Numerical Simulation and Modeling of Enhanced Gas Recovery and CO2 Sequestration in Shale Gas Reservoirs: A Feasibility Study
- Amirmasoud Kalantari Dahaghi (West Virginia University)
- Document ID
- Society of Petroleum Engineers
- SPE International Conference on CO2 Capture, Storage, and Utilization, 10-12 November, New Orleans, Louisiana, USA
- Publication Date
- Document Type
- Conference Paper
- 2010. Society of Petroleum Engineers
- 3.3.2 Borehole Imaging and Wellbore Seismic, 5.4.2 Gas Injection Methods, 5.5.8 History Matching, 4.1.2 Separation and Treating, 5.8.2 Shale Gas, 1.6.6 Directional Drilling, 4.6 Natural Gas, 5.1.5 Geologic Modeling, 5.5.3 Scaling Methods, 4.3.4 Scale, 3.2.3 Hydraulic Fracturing Design, Implementation and Optimisation, 5.1 Reservoir Characterisation, 5.5.2 Core Analysis, 5.10.1 CO2 Capture and Sequestration, 4.1.5 Processing Equipment, 5.4 Enhanced Recovery, 5.5 Reservoir Simulation, 2.2.2 Perforating, 2.5.1 Fracture design and containment
- 13 in the last 30 days
- 2,033 since 2007
- Show more detail
- View rights & permissions
|SPE Member Price:||USD 8.50|
|SPE Non-Member Price:||USD 25.00|
The process of modeling ultra low permeability and desorption-controlled shale gas reservoirs has always been challenging. Desorption is an important issue in recovery of many shale plays. Although a large amount of gas in place comes from adsorbed gas, ultra tight matrix and high bottom hole pressure may not allow this gas be produced.
In this paper, an integrated workflow is described, which demonstrates a quantitative platform for shale gas production optimization through capturing the essential characteristics of shale gas reservoirs. Because organic matter has a greater sorption affinity for CO2 than methane, a comprehensive feasibility study has been performed to evaluate the applicability and significance of CO2 injection (with simultaneous production of methane) on expedition of desorption process and also CO2 sequestration in shale.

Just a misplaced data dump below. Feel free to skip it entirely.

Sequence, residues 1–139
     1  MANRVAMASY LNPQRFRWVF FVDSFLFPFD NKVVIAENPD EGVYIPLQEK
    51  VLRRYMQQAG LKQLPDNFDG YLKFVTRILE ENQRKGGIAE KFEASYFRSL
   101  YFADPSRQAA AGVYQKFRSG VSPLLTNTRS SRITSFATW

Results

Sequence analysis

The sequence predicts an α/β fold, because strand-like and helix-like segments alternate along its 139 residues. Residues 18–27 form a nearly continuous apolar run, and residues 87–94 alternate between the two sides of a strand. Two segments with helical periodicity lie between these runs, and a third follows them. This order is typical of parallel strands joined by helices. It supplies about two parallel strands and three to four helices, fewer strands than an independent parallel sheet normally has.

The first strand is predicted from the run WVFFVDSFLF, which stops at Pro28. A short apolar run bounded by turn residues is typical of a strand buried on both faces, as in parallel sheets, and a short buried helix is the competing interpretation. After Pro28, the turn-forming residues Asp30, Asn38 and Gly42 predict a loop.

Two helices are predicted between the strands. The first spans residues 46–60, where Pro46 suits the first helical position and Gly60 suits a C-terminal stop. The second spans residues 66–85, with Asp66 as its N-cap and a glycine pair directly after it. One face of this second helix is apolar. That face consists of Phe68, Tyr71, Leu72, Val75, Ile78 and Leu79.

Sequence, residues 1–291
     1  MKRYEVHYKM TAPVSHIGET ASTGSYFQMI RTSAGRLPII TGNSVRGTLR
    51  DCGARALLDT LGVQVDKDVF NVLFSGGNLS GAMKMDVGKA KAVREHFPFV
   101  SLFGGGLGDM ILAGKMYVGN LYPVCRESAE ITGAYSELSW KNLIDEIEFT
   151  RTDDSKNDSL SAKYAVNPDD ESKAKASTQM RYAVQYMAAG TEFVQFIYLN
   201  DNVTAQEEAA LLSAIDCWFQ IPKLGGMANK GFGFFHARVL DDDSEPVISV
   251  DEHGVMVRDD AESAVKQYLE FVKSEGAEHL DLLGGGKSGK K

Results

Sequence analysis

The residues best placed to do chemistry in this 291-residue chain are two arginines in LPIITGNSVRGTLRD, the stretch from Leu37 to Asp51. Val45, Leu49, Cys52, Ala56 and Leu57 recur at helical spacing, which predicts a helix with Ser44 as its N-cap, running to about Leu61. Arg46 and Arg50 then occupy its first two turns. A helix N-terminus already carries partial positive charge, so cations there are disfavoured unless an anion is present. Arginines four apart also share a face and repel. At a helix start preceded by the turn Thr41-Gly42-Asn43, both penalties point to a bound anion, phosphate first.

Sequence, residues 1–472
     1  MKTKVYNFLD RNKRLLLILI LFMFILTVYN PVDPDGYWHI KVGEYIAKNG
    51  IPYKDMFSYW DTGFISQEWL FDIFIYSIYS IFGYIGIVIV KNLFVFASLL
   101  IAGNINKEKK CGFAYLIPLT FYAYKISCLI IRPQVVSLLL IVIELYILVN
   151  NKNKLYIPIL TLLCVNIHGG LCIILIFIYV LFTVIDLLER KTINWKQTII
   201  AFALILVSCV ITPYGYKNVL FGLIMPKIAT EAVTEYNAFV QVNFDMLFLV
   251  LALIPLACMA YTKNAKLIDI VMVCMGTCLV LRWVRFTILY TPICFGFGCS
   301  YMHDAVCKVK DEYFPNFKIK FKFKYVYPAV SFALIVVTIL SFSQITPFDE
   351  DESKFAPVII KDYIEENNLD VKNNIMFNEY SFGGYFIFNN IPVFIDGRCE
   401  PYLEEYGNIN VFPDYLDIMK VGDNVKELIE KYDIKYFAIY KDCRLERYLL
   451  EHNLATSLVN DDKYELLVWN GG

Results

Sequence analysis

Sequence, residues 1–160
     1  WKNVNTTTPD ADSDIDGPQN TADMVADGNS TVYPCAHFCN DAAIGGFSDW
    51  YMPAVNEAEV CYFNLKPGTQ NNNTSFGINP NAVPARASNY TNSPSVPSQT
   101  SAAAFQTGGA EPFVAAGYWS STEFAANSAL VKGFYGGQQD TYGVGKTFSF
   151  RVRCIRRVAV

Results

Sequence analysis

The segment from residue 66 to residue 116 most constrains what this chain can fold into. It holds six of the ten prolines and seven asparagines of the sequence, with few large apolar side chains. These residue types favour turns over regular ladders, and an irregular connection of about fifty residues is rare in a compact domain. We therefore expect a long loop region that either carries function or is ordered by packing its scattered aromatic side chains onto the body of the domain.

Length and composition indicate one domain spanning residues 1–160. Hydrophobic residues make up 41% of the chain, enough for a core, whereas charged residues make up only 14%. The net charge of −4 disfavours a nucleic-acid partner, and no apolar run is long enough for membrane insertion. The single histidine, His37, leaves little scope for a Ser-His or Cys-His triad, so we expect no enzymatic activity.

Modeling of complex fracture networks is a very important step in simulation of shale reservoirs. Discrete fracture network (DFN) models can be used to generate and validate multiple realizations for a quantitative measure of uncertainty. A 3-D discrete fracture network using typical shale properties was generated stochastically, based on different realizations (homogenous and heterogeneous fracture properties).The complex DFNs were upscaled in order to simulate fluid flow through the system. In addition, hydraulic fractures were introduced to the model. Sensitivity analysis has been performed on key matrix and fracture properties for both natural and hydraulic fractures.
Numerical simulation was performed using appropriate gridding (logarithmic local grid refinement around the hydraulic fractures) and, in order to capture long transient gas flow from matrix to fracture, multi porosity model with matrix sub grids has been employed. This step was followed by a history matching process and the fracture and reservoir properties were varied within a range that appears consistent with actual typical shale gas well performance. One model, which gave a better approximation of the actual production profile, was selected for CO2 injection study.
In order to understand the economic effect of matrix swelling on permeability and injectivity in the presence of CO2, different injection strategies (patterns, injection time interval and rate) were defined in order to recommend the best scenario for maximum and economic recovery.
|File Size||3 MB||Number of Pages||18|